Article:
Student journalists win right to police disciplinary records
HAWAII–In mid-November, the Hawaii Supreme Court unanimously ruled that the disciplinary records of four policemen must be turned over to the student journalists who requested them.
The court’s ruling also held that state privacy laws did not apply in this case because the employees’ disciplinary records did not include “highly personal and intimate information.”
The students, members of a student chapter of the Society of Professional Journalists at the University of Hawaii, have been seeking access to the records since August 1993.
On February 10, 1994, one day before the date that the Honolulu Police Department said it would finally give SPJ the documents, the State of Hawaii Organization of Police Officers (SHOPO) and four unnamed police officers filed suit against the city in circuit court in Honolulu. SPJ also filed suit, asking the court to order the police to comply with the records request.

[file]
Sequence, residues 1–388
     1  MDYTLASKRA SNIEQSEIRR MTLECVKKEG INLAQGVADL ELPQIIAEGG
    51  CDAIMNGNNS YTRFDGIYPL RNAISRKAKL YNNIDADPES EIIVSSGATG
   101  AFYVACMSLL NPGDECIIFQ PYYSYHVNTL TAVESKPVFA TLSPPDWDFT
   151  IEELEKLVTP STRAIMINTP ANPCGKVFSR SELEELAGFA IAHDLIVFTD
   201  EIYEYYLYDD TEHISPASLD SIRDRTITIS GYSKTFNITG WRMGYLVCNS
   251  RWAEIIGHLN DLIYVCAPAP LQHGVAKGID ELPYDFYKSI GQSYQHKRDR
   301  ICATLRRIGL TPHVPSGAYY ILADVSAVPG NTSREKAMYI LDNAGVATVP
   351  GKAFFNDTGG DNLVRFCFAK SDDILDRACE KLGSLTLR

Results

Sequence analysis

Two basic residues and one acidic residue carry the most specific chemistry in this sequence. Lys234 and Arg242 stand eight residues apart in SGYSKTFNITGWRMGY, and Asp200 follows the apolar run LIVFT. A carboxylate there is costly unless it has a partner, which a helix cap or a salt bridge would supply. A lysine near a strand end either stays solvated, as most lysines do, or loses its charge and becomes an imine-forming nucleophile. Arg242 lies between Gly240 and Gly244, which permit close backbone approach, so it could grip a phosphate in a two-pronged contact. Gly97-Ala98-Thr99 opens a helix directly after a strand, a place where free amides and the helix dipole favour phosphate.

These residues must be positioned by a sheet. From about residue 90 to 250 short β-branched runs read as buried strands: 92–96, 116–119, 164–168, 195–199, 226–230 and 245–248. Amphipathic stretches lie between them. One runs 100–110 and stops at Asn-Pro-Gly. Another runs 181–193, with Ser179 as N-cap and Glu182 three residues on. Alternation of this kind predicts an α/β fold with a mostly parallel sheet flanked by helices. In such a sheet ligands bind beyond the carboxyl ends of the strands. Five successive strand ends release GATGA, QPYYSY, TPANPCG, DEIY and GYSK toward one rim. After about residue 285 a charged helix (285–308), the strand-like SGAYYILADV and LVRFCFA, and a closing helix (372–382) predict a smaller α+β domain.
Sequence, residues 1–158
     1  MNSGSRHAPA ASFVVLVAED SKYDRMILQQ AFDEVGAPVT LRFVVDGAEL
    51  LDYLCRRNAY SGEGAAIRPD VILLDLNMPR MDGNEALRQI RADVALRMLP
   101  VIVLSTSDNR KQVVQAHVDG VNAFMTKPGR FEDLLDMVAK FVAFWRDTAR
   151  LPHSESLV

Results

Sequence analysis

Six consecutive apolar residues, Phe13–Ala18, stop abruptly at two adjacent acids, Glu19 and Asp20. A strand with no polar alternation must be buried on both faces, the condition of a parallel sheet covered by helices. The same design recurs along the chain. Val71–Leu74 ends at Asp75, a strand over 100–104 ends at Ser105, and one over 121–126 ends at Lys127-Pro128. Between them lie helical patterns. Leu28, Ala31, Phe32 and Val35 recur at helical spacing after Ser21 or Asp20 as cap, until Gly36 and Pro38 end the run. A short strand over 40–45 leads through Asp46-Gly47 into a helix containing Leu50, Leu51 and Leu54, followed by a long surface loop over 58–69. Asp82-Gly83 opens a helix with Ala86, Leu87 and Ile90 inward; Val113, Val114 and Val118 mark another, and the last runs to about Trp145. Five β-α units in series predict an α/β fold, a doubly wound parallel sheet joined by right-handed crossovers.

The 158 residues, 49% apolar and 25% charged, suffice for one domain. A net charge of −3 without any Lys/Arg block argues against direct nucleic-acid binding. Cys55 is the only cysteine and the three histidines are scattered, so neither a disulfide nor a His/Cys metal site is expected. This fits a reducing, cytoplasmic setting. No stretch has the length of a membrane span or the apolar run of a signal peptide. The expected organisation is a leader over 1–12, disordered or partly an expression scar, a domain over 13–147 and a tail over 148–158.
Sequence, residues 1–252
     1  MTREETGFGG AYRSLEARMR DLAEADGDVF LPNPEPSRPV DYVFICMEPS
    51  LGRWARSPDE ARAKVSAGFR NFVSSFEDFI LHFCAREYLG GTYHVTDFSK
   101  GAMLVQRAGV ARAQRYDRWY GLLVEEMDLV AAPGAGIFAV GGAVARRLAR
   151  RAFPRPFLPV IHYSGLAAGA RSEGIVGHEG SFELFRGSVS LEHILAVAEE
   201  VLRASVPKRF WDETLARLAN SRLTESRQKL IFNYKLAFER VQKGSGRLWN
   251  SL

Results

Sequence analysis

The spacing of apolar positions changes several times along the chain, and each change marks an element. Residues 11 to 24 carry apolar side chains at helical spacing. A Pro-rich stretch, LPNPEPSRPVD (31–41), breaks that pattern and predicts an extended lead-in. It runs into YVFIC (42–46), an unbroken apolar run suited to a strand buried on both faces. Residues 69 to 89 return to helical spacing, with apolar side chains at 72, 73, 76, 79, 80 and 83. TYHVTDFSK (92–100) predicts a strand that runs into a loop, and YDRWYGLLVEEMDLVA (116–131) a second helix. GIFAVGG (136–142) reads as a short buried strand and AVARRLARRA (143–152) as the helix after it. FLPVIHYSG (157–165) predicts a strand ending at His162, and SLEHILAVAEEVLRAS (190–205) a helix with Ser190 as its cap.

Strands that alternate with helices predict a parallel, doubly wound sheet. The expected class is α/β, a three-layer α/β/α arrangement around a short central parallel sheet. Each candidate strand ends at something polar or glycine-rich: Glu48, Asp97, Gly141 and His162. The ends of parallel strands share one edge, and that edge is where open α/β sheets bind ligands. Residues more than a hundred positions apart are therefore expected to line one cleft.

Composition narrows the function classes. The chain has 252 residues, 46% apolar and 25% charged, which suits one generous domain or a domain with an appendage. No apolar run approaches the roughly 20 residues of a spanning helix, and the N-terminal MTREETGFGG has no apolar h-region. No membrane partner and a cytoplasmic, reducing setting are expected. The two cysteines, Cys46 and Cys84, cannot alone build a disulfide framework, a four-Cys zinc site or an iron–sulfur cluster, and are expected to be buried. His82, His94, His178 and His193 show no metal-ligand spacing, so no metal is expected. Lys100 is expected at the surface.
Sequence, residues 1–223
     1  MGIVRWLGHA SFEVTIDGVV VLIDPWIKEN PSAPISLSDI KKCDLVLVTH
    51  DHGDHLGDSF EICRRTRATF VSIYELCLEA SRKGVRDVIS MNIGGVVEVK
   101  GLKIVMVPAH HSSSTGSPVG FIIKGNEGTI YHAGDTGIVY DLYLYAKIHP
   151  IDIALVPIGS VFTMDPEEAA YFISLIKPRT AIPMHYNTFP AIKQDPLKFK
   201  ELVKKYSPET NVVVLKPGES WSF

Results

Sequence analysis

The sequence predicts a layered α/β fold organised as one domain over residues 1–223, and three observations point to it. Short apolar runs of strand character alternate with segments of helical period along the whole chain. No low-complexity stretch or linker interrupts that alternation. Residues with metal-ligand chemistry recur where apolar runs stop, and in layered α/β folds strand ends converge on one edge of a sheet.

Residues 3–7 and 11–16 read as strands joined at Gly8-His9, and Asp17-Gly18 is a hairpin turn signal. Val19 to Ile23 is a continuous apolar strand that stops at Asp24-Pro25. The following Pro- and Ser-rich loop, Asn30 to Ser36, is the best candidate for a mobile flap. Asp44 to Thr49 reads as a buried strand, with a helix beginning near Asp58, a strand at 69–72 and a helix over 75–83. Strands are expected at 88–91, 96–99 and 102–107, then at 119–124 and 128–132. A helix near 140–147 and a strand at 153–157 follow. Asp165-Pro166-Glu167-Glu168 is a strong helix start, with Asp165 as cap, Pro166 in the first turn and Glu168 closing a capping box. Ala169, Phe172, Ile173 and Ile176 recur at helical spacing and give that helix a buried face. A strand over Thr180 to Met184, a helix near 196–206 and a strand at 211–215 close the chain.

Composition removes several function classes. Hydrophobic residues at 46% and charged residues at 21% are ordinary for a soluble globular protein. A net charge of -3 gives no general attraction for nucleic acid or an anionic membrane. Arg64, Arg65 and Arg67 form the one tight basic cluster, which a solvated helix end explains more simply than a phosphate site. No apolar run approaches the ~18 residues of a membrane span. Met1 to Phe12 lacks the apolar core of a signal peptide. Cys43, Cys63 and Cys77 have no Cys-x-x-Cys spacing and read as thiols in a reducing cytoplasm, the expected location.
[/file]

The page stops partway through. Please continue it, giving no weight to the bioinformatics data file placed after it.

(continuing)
SHOPO argued that release of the officers’ names would cause irreparable damage, and noted that a government employees’ contract provision calls for the confidentiality of the records of members suspended or fired.
The circuit court ruled that SHOPO’s contract provisions superseded the open records law and granted SHOPO and the four police officers a temporary restraining order that barred the disclosure of their disciplinary records.
Hawaii’s highest court ruled that this policy conflicted with the Uniform Information Practices Act, which bars the negotiation of confidentiality.
However, this decision may have little effect on future access to police disciplinary records because in May 1995, Hawaii’s legislature passed a law that allows the government to withhold disciplinary information about police officers unless they have been fired from the force. (State of Hawaii Organization of Police Officers v. Society of Professional Journalists-University of Hawaii Chapter; Media Counsel: Jeffrey Portnoy, Honolulu)